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Release Date: 04/22/1999
Contact Information: Amy Miller, EPA Press Office (617-918-1042)

BOSTON - Citing noise and pollution impacts, environmental justice issues and insufficient attention to regional transportation planning, the U.S. Environmental Protection Agency today took a position against the Massachusetts Port Authority's proposed runway expansion at Logan Airport.

"Efficiency improvements are in order at Logan, to be sure," said John P. DeVillars, EPA's New England Administrator. ABut not at the expense of already overburdened neighborhoods and not without much more attention to expanding the use of Amtrak and regional airports."

EPA's position against the runway was detailed in a 16-page letter submitted today to the Federal Aviation Administration. The letter represents EPA's formal written comments on the draft Environmental Impact Statement (EIS) that the FAA and Massport prepared regarding the proposed expansion at Logan. The deadline for submitting public comments to the FAA is tomorrow.

"It is not reasonable to ask these communities to accept the impacts of further expansion at Logan unless and until two things happen," said DeVillars. "First, impacts from current operations must be fully mitigated, and second, every effort must be made to shift Logan traffic to high speed rail and other regional airports."

DeVillars also said, "I am willing to revisit the issue of Runway 14/32 in the future if Massport and the Commonwealth are able to address the concerns EPA and the affected communities have raised. It's a tall order but we are prepared to work with Massport and the community in tackling these issues. It is my hope that enhancing the use of Amtrak and other regional airports will eliminate the need for a new runway."

DeVillars added, "I want to acknowledge the valuable input we received from the community and Congressmen Joseph Moakley and Michael Capuano. It was the Congressional representatives who first called the important environmental justice issues to our attention. Their leadership on this issue has been exceptional."

Reiterating a position the agency took as far back as 1995, DeVillars said the proposed expansion is unacceptable because current operations and traffic at Logan already significantly burden surrounding neighborhoods. DeVillars questioned whether soundproofing for additional homes affected by the expansion will be adequate and expressed concern that soundproofing of homes currently eligible has not been completed. He also criticized Massport for not honoring its commitments to make various access improvements at the Blue Line MBTA Station at Logan.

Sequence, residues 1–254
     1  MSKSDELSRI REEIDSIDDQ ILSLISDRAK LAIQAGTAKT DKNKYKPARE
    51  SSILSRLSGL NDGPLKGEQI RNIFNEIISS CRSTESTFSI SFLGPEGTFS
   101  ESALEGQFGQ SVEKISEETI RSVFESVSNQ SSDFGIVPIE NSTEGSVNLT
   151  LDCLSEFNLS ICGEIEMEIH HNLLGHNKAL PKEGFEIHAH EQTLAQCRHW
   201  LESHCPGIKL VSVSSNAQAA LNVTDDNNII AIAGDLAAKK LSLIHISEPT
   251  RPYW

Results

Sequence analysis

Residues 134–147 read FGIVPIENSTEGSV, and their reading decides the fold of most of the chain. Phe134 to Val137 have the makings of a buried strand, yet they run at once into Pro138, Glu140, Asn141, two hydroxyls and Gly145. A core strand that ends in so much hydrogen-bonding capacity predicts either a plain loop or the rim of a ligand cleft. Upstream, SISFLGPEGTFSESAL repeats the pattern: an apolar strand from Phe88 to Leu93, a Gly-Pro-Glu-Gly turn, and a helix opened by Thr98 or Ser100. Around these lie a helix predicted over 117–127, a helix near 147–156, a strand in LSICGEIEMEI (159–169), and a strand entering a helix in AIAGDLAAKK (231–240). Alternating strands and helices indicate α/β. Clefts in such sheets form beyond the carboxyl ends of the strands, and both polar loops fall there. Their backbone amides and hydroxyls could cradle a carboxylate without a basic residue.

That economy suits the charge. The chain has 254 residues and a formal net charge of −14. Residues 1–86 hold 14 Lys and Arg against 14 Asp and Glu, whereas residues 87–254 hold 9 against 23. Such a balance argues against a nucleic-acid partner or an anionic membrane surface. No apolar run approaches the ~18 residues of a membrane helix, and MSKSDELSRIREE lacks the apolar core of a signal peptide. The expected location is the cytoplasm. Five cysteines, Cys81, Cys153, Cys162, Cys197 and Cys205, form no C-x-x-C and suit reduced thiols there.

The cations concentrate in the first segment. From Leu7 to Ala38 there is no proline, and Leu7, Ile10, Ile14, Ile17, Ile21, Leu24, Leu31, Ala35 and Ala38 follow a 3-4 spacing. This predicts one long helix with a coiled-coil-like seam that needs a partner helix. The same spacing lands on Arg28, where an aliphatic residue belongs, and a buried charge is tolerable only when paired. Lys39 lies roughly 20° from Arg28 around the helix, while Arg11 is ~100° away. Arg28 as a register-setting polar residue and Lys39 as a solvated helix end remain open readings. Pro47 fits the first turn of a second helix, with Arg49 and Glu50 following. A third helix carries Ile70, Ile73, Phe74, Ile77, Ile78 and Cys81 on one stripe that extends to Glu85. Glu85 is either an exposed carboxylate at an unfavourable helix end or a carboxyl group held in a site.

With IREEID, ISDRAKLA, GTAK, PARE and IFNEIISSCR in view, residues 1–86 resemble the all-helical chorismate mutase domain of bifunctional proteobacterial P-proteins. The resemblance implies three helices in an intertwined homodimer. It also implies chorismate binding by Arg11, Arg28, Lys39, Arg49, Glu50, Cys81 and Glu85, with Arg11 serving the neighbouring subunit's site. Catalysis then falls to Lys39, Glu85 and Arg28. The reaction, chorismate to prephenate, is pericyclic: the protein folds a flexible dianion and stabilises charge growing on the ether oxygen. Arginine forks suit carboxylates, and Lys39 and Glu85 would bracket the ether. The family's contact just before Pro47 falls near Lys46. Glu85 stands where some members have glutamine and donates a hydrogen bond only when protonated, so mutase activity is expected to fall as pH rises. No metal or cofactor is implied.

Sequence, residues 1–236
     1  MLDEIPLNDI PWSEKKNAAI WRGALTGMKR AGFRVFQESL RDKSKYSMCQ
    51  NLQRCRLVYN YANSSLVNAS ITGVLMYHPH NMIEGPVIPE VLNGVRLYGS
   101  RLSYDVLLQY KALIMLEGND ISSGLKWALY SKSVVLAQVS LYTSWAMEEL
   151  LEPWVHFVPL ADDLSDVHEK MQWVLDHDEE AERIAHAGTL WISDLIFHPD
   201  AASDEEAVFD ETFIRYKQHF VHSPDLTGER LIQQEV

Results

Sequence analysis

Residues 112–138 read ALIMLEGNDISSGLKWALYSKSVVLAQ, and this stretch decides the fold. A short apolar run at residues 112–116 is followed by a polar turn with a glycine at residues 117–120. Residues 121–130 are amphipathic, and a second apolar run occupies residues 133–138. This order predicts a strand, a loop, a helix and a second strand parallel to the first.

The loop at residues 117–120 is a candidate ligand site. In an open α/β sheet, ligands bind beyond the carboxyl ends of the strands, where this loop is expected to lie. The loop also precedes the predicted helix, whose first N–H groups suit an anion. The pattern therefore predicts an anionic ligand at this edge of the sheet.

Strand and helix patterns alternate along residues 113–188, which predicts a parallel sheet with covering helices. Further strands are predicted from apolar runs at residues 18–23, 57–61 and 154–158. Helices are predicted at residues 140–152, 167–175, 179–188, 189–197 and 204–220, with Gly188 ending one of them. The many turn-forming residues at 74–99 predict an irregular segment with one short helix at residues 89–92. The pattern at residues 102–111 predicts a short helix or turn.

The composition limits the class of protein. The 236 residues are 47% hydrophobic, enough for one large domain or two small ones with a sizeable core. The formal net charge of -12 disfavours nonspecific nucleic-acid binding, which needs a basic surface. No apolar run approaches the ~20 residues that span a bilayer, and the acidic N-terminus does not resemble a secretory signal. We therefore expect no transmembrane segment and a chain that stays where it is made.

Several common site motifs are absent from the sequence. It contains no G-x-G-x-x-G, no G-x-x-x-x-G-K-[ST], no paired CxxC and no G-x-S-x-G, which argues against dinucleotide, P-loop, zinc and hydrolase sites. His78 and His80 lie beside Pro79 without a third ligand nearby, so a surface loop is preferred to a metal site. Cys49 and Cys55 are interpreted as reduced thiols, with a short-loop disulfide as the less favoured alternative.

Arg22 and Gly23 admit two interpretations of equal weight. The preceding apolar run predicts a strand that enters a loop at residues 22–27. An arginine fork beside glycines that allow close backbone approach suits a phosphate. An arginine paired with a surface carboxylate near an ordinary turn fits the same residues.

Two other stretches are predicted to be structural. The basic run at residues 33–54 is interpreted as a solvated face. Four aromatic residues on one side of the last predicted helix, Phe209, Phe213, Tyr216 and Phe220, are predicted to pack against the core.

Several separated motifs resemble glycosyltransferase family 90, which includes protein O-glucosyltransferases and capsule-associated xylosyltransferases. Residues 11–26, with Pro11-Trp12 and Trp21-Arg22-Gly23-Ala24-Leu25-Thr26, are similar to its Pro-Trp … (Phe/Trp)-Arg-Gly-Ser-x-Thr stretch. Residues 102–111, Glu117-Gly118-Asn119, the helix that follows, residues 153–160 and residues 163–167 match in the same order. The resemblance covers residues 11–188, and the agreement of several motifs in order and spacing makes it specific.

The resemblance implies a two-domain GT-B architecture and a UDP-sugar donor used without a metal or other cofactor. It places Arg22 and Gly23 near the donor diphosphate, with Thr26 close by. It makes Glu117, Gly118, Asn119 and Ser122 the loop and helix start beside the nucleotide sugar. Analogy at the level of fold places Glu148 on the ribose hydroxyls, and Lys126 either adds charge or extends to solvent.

DeVillars said the FAA and Massport have failed to comply with federal environmental justice requirements in their evaluation of potential health impacts that the project would have on low-income and minority populations. DeVillars said the draft EIS focused solely on noise and failed to evaluate air quality, odor, traffic and other impacts that might cumulatively burden neighborhoods with large low-income and minority populations.

"The cursory attention to environmental justice issues in the draft proposal is not acceptable, especially for neighborhoods in East Boston, Chelsea and Roxbury that stand to see a threefold increase in aircraft overflights if this airport expansion goes through," DeVillars said.

DeVillars also faulted FAA and Massport for failing to pursue other steps that would better manage the growth problem and resulting delays at the airport. DeVillars said Massport should reduce the small plane mix from Logan peak traffic hours through a peak-period pricing strategy.

He also suggested that Massport and the FAA - as well as other state and federal transportation agencies - devote more attention to regional transportation improvements that would minimize traffic impacts at Logan and drive more business to outlying regional airports such as the Worcester Airport, T.F. Green Airport in Rhode Island and Manchester Airport in New Hampshire. Among DeVillars' specific suggestions: inner-city high speed rail connections supported by a North-South Station link; efficient mass transit access to and between the regional airports; and free shuttle service between South Station and Logan.

"Absent a comprehensive plan, this expansion project will do little to address flight delays," DeVillars said. "Massport and the FAA would do better to focus on developing a regional transportation strategy, not a narrowly-focused runway project at Logan."

DeVillars also recognized the efforts made by Massport and its director, but said it is not enough.

"Massport has made very real strides towards being a better neighbor. They have instituted clean fuel vehicles, park and ride facilities, and hazardous materials management. But regrettably more needs to be done - soundproofing, enhanced public transportation, parking policies and a better coordinated strategy with Amtrak and other airports," said DeVillars. "I appreciate and respect the efforts Peter Blute and his team have made to work with us on this issue. We intend to build on that cooperative spirit."